1. Subsection J. does not apply to a person who operates a vehicle, streetcar, or trackless trolley while the person has a concentration of a listed controlled substance or of a listed metabolite of a controlled substance in the person’s whole blood, blood serum, or plasma, or urine that equals or exceeds the amount specified in that prohibition, if the person obtained the controlled substance pursuant to a prescription issued by a licensed health professional authorized to prescribe drugs and the person injected, ingested, or inhaled the controlled substance in accordance with the health professional’s directions.

(b)   Operation by underage persons. No person under twenty-one years of age shall operate any vehicle, streetcar, or trackless trolley within this Municipality, if, at the time of the operation, any of the following apply:

(1)   The person has a concentration of at least two-hundredths of one percent (0.02%) but less than eight-hundredths of one percent (0.08%) by weight per unit volume of alcohol in the person’s whole blood;

(2)   The person has a concentration of at least three-hundredths of one percent (0.03%) but less than ninety-six thousandths of one percent (0.096%) by weight per unit volume of alcohol in the person’s blood serum or plasma;

(3)   The person has a concentration of at least two-hundredths (0.02) of one gram but less than eight-hundredths (0.08) of one gram by weight of alcohol per 210 liters of the person’s breath;

(4)   The person has a concentration of at least twenty-eight one-thousandths (0.028) of one gram but less than eleven-hundredths (0.11) of one gram by weight of alcohol per 100 milliliters of the person’s urine.

(c)   (1)   Physical control generally. No person shall be in physical control of a vehicle, streetcar, or trackless trolley while under the influence of alcohol, a drug of abuse, controlled substances, metabolites of a controlled substance, or a combination of them or while the person’s whole blood, blood serum or plasma, breath, or urine contains at least the concentration of alcohol specified in division (a)(1)B., C., D., or E., of Section 333.01 of the Municipal Code.

  1. As used in Section 333.01 (c), “physical control” means being in the driver’s position of the front seat of a vehicle or in the driver’s position of a streetcar or trackless trolley and having possession of the vehicle’s, streetcar’s, or trackless trolley’s ignition key or other ignition device.

(d)   (1)   In any proceeding arising out of one incident, a person may be charged with a violation of division (a)(1)A. and a violation of division (b)(1)(2) or (3) of this section, but the person may not be convicted of more than one violation of these divisions.

(e)   Evidence; tests; immunity.

(1)   In any criminal prosecution or juvenile court proceeding for a violation of division (a), (b) or (c) of this section, the court may admit evidence on the concentration of alcohol, drugs of abuse, controlled substances, metabolites of a controlled substance, or a combination of them in the defendant’s whole blood, blood serum or plasma, breath, urine or other bodily substance at the time of the alleged violation as shown by chemical analysis of the substance withdrawn within three hours of the time of the alleged violation. The three-hour time limit specified in this division regarding the admission of evidence does not extend or affect the two hour limit specified in division (A) of section 4511.192 of the Ohio Revised Code as the maximum period of time during which a person may consent to a chemical test or tests as described in that section.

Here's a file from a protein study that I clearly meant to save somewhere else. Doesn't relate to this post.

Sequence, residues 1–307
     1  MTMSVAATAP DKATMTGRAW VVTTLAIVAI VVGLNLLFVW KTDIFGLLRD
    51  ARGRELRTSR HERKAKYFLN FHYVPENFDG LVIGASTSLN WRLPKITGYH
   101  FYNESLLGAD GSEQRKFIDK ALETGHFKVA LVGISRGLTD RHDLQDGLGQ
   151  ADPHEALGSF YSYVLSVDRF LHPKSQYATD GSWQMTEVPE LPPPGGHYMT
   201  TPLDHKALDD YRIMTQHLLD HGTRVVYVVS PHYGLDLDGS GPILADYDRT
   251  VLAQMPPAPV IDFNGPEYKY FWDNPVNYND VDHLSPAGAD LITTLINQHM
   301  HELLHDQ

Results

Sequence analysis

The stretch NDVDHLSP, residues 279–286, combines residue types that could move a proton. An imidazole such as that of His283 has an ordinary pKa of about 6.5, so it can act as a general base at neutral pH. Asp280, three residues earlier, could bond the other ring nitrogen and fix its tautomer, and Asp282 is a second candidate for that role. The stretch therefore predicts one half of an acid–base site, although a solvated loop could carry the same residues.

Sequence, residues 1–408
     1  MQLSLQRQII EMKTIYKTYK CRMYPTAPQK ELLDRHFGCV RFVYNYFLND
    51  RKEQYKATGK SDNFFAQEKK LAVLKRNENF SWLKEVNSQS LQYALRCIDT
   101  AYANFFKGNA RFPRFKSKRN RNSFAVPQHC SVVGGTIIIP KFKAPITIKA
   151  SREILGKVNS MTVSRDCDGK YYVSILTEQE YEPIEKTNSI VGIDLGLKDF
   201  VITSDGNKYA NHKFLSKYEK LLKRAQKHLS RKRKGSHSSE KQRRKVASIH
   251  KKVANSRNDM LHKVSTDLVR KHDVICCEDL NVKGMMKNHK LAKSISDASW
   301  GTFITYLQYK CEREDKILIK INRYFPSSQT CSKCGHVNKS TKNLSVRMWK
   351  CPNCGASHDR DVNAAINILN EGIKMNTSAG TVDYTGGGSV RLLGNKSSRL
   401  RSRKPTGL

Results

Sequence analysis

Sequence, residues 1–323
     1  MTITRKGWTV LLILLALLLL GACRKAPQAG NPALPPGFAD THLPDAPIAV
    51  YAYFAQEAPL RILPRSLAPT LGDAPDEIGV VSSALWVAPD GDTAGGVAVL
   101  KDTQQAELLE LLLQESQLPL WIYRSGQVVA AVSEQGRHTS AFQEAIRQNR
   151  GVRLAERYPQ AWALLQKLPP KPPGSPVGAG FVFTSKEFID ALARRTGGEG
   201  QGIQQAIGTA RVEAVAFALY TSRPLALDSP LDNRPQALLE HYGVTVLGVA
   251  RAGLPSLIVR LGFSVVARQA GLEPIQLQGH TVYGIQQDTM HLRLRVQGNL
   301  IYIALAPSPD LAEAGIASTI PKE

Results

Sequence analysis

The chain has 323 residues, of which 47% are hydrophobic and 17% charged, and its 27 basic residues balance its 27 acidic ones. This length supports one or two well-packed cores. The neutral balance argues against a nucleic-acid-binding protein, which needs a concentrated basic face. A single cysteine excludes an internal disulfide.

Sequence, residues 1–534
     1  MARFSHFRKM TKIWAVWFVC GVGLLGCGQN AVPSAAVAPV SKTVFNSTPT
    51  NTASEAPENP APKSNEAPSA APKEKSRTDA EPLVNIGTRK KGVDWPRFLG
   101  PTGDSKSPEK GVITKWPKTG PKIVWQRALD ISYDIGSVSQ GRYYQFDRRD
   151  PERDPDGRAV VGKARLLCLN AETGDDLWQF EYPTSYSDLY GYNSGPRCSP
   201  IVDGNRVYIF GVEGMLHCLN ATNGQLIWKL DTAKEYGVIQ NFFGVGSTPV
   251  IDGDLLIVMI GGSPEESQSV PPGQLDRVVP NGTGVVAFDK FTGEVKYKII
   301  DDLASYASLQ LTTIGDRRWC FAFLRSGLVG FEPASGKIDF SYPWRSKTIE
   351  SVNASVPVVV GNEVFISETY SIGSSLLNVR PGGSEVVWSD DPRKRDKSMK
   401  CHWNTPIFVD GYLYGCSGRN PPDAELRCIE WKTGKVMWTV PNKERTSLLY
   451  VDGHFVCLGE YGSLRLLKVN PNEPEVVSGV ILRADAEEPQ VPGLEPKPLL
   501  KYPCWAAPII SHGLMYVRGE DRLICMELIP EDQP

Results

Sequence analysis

When a person submits to a blood test at the request of a law enforcement officer under Section 333.01 , only a physician, a registered nurse, or a qualified technician, chemist, or phlebotomist shall withdraw blood for the purpose of determining the alcohol, drug, controlled substance, metabolite of a controlled substance or combination content of the whole blood, blood serum, or blood plasma. This limitation does not apply to the taking of breath or urine specimens. A person authorized to withdraw blood under this division may refuse to withdraw blood under this division, for the purpose of determining the alcohol, drug, or alcohol if in that person’s opinion the physical welfare of the person would be endangered by the withdrawing of blood.

The bodily substance withdrawn shall be analyzed in accordance with methods approved by the Ohio Director of Health by an individual possessing a valid permit issued by the Director pursuant to Ohio R.C. 3701.143.

(2)   In a criminal prosecution or juvenile court proceeding for a violation of division (a) of this section or for an equivalent offense, if there was at the time the bodily substance was withdrawn a concentration of less than the applicable concentration of alcohol specified in divisions (a)(1), B., C., D., and E. of this section, or less than the applicable concentration of a listed controlled substance or listed metabolite of a controlled substance specified for a violation of division (a)(1)J. of this section, that fact may be considered with other competent evidence in determining the guilt or innocence of the defendant. This division does not limit or affect a criminal prosecution or juvenile court proceeding for a violation of division (b) of this section or for an equivalent offense that is substantially equivalent to that division.

(3)   Upon the request of the person who was tested, the results of the chemical test shall be made available to the person or the person’s attorney, immediately upon the completion of the chemical test analysis.